What You Need To Consider Before Refinancing To Pay For Your Home Renovations

If you are one of the more than half of Americans that plan to renovate this year, paying for those home improvements will be at the top of your to-do list. With the warm weather in full swing and with summer being the ideal season for renovations, many homeowners are gearing up to get started on their renovation plans. However, with the average cost of a home renovation coming in at around $13,000, there is no doubt that your home renovations may be a costly one. More extensive home remodels average $46,798. When it comes to your options for financing a home renovation, refinancing has soared in popularity during recent years. But, how do you know that refinancing is the right move for your renovation plans? More importantly, how can you plan effectively to get a good refinancing deal? Here are a few great tips to get you started.

Is Refinancing To Renovate Right For Me?

Cash-out refinancing has boomed during the pandemic and homeowners are taking advantage of the low-interest rates right now. The historically low-interest rates can actually work in your favor, and with the right deal, you could be paying less than if you had chosen a personal loan. Refinancing has also allowed homeowners to create their dream homes using the equity they have built up, and a starting canvas. With the housing market being so hot right now, the chances of finding your dream home within your budget are quickly diminishing.

On the other hand, refinancing does mean you are restarting your mortgage. Each lender will also have its own requirements on the amount of equity you will have to retain (normally 15 to 20 percent). In some cases, refinancing may not always equate to a better mortgage deal. You are also required to pay closing costs on your home again.

Don’t Just Look At Rates, Look At The All-Round Package With Lenders

Getting a good refinance package is not just about the interest rates. There are also lender’s fees, closing costs, and other costs to think about. Instead of just focusing on the savings you may make by using refinancing to fund your renovations, look at the overall cost of the process, and whether it makes good financial sense according to your budget- and other financing options. For instance, those refinancing can expect to pay 2 to 3 percent of your remaining principal in closing costs. However, Experian estimates that closing costs can sometimes go as high as 6 percent of your principal.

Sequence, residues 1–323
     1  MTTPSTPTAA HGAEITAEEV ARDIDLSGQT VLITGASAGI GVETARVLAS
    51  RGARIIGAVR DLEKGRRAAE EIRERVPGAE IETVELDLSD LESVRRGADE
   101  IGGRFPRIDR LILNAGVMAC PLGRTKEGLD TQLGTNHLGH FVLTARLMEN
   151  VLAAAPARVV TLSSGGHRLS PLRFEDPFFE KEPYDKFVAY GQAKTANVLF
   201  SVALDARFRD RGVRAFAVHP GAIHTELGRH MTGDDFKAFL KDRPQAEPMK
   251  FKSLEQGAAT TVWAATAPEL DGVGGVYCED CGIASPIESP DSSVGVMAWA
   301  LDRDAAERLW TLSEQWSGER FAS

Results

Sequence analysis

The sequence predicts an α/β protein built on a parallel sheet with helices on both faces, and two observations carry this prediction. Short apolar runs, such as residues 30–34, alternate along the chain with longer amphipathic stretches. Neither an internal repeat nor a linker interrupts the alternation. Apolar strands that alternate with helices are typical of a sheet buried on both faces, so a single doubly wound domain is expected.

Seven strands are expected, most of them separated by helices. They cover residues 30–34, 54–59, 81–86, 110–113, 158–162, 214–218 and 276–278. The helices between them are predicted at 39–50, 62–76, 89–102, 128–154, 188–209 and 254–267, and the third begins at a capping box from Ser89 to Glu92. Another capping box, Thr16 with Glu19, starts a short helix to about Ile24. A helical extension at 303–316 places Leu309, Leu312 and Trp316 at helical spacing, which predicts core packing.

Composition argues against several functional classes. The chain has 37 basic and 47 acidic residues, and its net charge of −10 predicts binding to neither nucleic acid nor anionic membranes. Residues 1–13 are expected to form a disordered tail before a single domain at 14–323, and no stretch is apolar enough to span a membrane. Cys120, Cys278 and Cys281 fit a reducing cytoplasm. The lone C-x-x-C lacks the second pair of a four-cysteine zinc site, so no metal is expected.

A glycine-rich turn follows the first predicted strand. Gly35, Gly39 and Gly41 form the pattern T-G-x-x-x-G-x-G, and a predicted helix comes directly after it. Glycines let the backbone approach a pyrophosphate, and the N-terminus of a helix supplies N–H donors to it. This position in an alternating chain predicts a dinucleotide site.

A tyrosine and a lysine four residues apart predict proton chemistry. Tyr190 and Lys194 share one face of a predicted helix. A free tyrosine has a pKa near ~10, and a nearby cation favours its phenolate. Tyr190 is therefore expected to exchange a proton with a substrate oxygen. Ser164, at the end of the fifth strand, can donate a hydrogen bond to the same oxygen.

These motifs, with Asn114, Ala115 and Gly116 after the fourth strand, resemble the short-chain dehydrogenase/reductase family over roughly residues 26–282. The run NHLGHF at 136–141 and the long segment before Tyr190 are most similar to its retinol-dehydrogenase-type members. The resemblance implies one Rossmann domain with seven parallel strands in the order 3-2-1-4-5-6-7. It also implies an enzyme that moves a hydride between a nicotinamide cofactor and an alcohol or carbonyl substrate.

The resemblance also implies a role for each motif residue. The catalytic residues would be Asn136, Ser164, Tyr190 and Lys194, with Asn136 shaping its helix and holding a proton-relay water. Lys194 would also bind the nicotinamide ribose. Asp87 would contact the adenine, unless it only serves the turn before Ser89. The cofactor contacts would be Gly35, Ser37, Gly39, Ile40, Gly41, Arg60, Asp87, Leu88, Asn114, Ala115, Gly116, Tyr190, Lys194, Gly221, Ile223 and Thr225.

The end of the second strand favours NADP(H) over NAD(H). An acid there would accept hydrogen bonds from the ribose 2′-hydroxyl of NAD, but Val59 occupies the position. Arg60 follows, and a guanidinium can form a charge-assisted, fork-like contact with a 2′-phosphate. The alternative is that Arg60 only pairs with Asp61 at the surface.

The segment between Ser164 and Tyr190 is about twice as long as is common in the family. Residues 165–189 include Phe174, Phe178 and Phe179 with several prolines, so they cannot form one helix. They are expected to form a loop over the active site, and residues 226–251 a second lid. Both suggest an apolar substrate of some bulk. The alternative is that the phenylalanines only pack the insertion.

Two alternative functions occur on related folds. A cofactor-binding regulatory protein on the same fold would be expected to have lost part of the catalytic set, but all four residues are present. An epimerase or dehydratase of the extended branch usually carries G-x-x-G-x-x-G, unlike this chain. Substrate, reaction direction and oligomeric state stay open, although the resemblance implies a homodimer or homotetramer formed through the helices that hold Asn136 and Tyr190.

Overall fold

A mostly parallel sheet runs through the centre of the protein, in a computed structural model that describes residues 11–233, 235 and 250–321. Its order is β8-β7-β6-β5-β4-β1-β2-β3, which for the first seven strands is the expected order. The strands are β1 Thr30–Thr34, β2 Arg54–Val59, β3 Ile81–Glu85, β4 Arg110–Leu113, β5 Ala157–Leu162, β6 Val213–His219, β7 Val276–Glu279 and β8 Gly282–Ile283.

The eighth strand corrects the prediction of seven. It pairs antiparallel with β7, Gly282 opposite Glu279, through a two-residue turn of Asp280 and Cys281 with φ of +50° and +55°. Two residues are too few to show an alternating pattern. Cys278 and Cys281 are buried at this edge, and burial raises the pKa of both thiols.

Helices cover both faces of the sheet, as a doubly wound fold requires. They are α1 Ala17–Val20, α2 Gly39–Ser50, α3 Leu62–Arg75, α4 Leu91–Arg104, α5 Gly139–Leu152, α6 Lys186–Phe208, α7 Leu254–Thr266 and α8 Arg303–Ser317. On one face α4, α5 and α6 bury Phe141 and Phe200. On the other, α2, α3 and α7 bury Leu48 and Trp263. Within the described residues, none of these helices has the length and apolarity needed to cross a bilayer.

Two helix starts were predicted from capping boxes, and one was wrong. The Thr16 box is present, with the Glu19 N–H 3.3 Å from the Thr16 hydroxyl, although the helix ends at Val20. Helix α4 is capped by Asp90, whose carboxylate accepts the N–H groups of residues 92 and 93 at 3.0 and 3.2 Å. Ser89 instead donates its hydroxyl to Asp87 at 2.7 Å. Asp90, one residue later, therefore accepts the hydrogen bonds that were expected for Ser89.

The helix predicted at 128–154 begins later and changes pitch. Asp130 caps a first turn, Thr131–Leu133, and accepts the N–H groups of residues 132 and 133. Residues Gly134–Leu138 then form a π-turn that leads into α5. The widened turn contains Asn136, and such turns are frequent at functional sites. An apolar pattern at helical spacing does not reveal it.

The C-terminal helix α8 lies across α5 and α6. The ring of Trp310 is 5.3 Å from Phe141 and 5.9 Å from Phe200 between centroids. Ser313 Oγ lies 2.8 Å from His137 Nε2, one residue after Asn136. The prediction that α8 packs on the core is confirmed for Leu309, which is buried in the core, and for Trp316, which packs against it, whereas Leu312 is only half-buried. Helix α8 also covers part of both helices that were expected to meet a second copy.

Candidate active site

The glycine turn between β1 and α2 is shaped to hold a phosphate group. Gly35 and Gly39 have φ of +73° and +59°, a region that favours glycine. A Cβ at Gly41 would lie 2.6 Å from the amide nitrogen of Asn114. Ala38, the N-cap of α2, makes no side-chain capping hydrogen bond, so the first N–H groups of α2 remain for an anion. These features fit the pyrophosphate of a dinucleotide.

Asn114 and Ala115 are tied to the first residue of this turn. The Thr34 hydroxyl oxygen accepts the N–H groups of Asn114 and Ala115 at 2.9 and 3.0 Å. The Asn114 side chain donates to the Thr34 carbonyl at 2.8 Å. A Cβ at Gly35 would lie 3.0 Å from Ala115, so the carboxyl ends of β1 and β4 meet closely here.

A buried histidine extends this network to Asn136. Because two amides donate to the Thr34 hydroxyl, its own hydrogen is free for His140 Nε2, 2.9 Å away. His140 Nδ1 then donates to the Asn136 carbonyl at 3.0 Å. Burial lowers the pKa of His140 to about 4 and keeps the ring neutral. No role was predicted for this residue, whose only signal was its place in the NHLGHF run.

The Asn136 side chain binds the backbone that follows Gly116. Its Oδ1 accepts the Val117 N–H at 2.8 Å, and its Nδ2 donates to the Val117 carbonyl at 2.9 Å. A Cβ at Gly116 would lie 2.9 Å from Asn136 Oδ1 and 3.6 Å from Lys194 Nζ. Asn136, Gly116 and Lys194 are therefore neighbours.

Refinancing fees also vary by state. For instance, the closing costs for a home in Illinois were $5609 or 2.39 percent of your home price. In Indiana, that drops to $1,909 or 0.99 percent of the sale price. For more clarity before applying, The Home Loan Expert or mortgage brokers specializing in refinancing in your state can give you information on the fees attached to the process.

Research The Values Of Your Planned Renovations For Reference

Ideally, if you are going to use refinancing to draw cash for renovations on your home, they should build up your property’s value. Have a look atrenovations that add value to a home before deciding on refinancing as your choice of funding. For instance, a major kitchen remodel recoups up to 59 percent of its cost. If you plan on selling in the future, you want to be assured that your added investment will pay off.

Set Up A Budget Around Your Predicted New Mortgage Commitments 

A key consideration when remortgaging is whether you can afford the larger payments. Essentially, refinancing is taking on a larger mortgage by using your built-up home equity. You should think about whether your budget in the upcoming years can comfortably afford those larger mortgage payments. Even with low-interest rates, if you increase your borrowing or shorten your loan term, your payments will increase. It is also good to have a bit of flexibility in your proposed renovation budget. Renovations rarely go according to plan or budget.

For some, refinancing could be the perfect way to pay for their planned home upgrades. However, it is not always the ideal answer, and neglecting to do adequate planning before applying could mean you are left surprised by the reality of the process.

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